Gina Florio
December 05, 2016 1:10 pm
Shutterstock

You probably don’t think much about the day you got your first period (well, maybe you’re just trying to forget it), but there are some details about that event that could give you some insight into your overall health. According to Jessica Shepherd, M.D., an assistant professor of clinical obstetrics and gynecology and director of Minimally Invasive Gynecology at the University of Illinois College of Medicine at Chicago, how old you are when you get your first period says a few things about your future health risks.

Dr. Shepherd told Glamour, “It’s all estrogen-based.” If you get your period earlier than usual, your body is exposed to estrogen at an earlier age, which could potentially increase your risk for breast cancer in the future. Studies show that women who started menstruating earlier than 12 are 20 percent more likely to contract breast cancer than those whose first-period age was under 14.

 

Additionally, a study published in the medical journal Circulation determined that girls who got their periods at age 10 or younger were 20 percent more likely to suffer from high blood pressure complications. They’re also 27 percent more likely to die from heart disease. There are even studies that say an early period reflects a troubled childhood or home life, as well as indicates the individual will struggle with behavioral problems in the future.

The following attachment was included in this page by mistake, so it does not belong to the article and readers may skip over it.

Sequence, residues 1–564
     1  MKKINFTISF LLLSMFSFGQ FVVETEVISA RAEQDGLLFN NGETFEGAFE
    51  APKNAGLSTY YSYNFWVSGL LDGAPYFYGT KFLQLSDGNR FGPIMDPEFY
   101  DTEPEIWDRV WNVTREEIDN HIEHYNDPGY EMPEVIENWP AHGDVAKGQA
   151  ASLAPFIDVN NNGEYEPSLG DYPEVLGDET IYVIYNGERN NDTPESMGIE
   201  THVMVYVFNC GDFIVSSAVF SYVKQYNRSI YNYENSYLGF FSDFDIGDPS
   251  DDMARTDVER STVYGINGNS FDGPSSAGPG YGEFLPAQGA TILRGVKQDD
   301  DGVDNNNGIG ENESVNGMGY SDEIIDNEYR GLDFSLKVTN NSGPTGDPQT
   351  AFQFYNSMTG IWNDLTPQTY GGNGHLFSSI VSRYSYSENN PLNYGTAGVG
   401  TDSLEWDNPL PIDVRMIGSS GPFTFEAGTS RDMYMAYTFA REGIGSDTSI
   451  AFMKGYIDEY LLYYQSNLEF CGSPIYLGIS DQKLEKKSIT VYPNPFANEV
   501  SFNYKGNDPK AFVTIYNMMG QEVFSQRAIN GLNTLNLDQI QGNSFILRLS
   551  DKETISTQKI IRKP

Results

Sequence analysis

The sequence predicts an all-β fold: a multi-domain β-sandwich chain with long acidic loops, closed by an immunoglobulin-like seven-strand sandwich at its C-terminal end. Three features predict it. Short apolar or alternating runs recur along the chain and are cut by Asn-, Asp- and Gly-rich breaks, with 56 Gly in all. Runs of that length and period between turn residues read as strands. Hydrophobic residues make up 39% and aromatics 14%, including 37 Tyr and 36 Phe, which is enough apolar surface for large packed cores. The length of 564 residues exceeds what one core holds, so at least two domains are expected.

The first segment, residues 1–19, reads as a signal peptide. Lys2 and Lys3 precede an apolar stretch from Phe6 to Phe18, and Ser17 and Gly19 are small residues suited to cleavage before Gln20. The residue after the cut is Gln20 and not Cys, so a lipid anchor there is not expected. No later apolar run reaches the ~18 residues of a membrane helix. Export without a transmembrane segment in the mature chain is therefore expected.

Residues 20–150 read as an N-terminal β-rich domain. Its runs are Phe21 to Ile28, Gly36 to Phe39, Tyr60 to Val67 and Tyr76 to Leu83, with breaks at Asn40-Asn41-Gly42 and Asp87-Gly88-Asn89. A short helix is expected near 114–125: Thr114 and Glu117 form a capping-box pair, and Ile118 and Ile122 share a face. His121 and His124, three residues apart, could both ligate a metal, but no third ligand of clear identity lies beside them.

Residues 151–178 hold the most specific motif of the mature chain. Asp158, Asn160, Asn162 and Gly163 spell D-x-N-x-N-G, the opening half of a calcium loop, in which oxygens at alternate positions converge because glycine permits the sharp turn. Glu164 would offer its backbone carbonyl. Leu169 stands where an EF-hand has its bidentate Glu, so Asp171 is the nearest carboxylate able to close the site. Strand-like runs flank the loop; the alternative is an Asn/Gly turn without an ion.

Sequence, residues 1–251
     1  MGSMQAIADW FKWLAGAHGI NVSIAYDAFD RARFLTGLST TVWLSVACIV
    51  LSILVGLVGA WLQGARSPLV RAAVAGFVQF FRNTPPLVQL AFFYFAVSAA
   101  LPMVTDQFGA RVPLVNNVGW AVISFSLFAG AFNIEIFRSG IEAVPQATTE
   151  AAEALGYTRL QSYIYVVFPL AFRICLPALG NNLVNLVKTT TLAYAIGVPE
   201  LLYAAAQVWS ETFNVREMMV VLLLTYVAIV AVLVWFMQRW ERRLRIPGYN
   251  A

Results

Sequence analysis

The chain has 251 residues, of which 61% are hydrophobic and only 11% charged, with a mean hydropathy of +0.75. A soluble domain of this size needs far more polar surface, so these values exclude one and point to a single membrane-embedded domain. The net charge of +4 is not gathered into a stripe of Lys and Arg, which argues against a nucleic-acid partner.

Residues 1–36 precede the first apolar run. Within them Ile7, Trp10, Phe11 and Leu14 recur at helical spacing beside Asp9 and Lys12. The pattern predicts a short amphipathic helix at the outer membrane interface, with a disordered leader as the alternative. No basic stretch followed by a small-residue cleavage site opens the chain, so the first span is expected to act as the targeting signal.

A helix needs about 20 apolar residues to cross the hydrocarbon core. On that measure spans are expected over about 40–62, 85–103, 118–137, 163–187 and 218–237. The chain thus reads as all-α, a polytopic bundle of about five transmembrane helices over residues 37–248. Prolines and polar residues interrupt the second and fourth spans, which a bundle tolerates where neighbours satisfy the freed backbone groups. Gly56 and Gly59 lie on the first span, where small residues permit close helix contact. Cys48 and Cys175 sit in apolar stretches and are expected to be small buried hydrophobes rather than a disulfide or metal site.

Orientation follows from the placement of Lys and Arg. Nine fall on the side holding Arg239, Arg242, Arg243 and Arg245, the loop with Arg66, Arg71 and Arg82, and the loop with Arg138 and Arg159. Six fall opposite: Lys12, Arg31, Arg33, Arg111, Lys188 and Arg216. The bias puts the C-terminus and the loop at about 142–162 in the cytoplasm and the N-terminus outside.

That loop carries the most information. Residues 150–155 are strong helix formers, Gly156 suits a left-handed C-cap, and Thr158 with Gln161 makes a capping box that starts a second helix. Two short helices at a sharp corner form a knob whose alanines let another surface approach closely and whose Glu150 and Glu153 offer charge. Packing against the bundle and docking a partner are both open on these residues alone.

However, there’s a plus if you got your period at age 10. When menopause hits, you may have a stronger memory than your friends who got their period later than you.

Before you freak out and think you know how the next few decades will pan out, just know that these are studies that have been conducted (they’re all relatively new and certainly not the end-all-be-all), and they’re not a future prediction for your life. If you’re concerned, speak to your doctor to make sure you’re living the healthiest lifestyle you can, because that’s what matters more than anything else.

Advertisement